These days, Kyle Whyte is thinking about past and future generations.
As a philosopher and member of the Citizen Potawatomi Nation, Whyte came to Michigan State University in the hope of addressing climate change and environmental issues, specifically within communities and tribal nations.
Whyte, a professor and inaugural Timnick Chair in the Humanities within the MSU College of Arts & Letters, holds a deep understanding of the dynamic core issues facing the groups. His work not only fits perfectly with the chair he holds, it closely aligns with the university’s land-grant mission, as Whyte works directly with the communities he serves.
Leading by Example
Teaching and improving its quality is a priority for Whyte.
“When I see students’ high energy, ambitions and ideas, I become so motivated to support them in achieving their goals,” Whyte said. “For many university grads, our best experiences were with particular teachers.”
Connecting individually with students is also something Whyte places high importance on. Demonstrating leadership qualities, collaborating well with others or simply having a sense of humor are all traits Whyte strives to model for students.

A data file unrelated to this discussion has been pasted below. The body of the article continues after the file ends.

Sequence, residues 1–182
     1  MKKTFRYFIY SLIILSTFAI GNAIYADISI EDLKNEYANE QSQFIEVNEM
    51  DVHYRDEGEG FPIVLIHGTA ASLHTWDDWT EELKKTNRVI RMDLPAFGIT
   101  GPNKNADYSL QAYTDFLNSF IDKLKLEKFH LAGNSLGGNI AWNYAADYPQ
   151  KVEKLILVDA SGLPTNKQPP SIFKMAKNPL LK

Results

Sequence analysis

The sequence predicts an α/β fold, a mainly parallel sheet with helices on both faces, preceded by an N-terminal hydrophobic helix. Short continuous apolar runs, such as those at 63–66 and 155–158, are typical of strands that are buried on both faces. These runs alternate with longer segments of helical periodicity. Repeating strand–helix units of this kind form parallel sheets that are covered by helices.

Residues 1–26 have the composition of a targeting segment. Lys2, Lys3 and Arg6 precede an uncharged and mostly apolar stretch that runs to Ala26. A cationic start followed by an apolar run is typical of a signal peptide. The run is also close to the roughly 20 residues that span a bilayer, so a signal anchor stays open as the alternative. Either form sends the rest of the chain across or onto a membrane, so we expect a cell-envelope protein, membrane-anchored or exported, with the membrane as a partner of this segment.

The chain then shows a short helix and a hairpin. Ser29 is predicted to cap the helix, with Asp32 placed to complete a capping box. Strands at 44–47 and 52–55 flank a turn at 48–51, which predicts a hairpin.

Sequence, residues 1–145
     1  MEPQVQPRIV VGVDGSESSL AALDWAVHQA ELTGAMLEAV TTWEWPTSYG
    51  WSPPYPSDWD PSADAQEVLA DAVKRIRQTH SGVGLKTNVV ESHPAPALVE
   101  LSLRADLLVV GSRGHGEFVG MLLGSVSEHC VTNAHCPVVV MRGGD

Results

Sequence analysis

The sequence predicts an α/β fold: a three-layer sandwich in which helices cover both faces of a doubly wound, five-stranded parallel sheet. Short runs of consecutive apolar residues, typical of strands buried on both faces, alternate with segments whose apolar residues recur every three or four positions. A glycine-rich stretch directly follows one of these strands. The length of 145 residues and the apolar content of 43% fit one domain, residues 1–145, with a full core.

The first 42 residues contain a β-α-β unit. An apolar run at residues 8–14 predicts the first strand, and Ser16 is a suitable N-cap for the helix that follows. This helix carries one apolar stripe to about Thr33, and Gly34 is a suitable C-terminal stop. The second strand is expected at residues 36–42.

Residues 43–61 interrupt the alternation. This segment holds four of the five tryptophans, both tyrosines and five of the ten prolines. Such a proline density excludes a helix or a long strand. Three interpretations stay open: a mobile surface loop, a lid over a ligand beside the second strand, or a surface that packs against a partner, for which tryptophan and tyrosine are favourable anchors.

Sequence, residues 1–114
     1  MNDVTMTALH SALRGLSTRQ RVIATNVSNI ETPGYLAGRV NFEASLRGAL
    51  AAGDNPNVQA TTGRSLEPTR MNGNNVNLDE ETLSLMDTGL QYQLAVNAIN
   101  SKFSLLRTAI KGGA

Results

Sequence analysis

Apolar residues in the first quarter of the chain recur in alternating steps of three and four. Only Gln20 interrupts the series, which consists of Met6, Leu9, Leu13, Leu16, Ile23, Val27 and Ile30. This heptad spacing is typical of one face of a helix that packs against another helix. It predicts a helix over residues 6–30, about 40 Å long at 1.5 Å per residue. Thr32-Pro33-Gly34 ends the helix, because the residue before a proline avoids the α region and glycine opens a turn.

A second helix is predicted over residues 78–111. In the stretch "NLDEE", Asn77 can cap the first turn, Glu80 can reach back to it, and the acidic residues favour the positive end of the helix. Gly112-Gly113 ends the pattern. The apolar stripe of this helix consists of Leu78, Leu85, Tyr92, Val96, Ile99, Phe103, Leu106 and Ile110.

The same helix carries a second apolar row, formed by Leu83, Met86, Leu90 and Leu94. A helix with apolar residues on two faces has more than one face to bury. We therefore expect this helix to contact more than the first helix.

When I see students’ high energy, ambitions and ideas, I become so motivated to support them in achieving their goals.Dr. Kyle Whyte
Whyte admits he is inspired by the mother of Henry Timnick, who endowed the Timnick Chair.
“Ottilie Timnick wasn’t a professor but she modeled qualities in her life that are also important ones in the classroom,” Whyte said. “She was an amazing human being. And even though she’s passed on, she’s guiding my work every day.”
Author: Sarah Wardell